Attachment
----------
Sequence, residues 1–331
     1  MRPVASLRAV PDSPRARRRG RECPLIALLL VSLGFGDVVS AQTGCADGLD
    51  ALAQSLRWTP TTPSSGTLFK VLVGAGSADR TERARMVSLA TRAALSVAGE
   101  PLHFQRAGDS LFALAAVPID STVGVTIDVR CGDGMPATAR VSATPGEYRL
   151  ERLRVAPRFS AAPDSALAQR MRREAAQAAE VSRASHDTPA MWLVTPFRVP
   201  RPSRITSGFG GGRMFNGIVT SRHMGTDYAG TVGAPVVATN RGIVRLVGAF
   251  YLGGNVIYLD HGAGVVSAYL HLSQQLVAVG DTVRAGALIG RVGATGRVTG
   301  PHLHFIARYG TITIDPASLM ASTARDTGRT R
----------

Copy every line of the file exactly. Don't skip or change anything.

Sequence, residues 1–331
     1  MRPVASLRAV PDSPRARRRG RECPLIALLL VSLGFGDVVS AQTGCADGLD
    51  ALAQSLRWTP TTPSSGTLFK VLVGAGSADR TERARMVSLA TRAALSVAGE
   101  PLHFQRAGDS LFALAAVPID STVGVTIDVR CGDGMPATAR VSATPGEYRL
   151  ERLRVAPRFS AAPDSALAQR MRREAAQAAE VSRASHDTPA MWLVTPFRVP
   201  RPSRITSGFG GGRMFNGIVT SRHMGTDYAG TVGAPVVATN RGIVRLVGAF
   251  YLGGNVIYLD HGAGVVSAYL HLSQQLVAVG DTVRAGALIG RVGATGRVTG
   301  PHLHFIARYG TITIDPASLM ASTARDTGRT R